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"'. . . that He may teach us about His ways
And that we may walk in His paths.'
For from Zion will go forth the Law
Even the Word of God from Jerusalem."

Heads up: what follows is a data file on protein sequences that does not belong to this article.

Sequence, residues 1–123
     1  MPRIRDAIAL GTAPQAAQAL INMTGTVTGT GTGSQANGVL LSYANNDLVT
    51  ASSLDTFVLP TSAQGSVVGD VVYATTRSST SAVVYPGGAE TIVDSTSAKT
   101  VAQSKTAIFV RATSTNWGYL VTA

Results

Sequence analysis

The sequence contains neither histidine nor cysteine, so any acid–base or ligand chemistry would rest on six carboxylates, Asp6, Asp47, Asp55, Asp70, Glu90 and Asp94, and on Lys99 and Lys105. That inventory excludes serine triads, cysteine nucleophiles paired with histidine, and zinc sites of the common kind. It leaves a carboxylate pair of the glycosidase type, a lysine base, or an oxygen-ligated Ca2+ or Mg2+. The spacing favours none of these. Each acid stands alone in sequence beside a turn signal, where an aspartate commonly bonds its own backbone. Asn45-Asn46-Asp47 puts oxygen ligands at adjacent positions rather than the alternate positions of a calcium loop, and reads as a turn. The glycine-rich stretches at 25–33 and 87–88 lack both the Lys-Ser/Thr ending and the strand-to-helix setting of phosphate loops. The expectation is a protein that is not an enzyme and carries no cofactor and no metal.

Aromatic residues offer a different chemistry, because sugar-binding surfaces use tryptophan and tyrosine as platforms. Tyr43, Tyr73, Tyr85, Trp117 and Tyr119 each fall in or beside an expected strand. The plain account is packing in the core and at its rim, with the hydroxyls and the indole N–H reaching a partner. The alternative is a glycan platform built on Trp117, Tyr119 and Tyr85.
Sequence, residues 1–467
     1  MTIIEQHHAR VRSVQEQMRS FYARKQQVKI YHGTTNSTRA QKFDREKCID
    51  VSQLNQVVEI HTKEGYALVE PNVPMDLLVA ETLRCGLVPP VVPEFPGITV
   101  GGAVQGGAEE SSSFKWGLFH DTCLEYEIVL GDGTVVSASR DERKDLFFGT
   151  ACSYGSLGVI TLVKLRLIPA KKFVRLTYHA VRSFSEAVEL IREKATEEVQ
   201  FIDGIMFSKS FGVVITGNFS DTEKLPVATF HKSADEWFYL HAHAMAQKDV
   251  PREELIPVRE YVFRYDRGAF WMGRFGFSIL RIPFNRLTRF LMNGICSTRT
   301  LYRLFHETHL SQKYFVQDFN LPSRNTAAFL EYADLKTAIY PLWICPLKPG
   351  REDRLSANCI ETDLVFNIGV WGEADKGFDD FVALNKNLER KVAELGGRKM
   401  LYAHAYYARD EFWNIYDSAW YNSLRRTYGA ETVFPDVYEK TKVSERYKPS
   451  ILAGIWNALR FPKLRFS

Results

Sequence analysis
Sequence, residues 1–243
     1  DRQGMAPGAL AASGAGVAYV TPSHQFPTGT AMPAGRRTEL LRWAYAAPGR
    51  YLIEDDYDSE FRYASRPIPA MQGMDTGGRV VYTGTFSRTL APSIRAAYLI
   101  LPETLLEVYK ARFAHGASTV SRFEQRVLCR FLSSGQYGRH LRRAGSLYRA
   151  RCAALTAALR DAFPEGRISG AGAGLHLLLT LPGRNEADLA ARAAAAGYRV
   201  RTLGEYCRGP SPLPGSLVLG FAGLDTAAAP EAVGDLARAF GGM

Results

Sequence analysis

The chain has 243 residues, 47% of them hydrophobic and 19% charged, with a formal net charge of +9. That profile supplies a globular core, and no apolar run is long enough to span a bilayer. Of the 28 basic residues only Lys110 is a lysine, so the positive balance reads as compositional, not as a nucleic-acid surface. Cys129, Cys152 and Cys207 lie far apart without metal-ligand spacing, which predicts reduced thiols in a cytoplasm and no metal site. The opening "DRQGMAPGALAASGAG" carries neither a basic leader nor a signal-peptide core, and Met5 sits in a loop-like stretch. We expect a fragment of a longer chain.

|The humanistic nature of Bishop Butlers ethic is more than evident in that he grounded morality in man's conscience. The dictates of a calloused conscience will be different than those of a hypersensitive conscience, so what becomes of the universal obligation inherent in the "ought" of genuine morality? Furthermore, not being a universal psychological egoist, Butler is particularly responsible to explain how man can acquire the requisite ability to perform what he knows to be right (in the face of his despairing failure to do so in many instances). Denying Gods sovereignty, Butler had no answer except to rely upon autonomous man's resources. The moral principles that Butler did enunciate were based on his observation and analysis of such things as self-love, benevolence, etc.; in basing moral prescriptions thereon he illegitimately moved from observation to obligation. By entrusting moral steering to each mans conscience Butler undermined the possibility of a self-regulating, objective norm; when each man is allowed to be a law unto himself, moral principles will be superfluous as far as correcting  or restraining him are concerned. Each man can end up doing what is right in his own eyes. Or one mans conscience is arbitrarily selected to dictate standards for the others (depriving ethics of moral authority).||Find out more about Bishop Joseph Butler|
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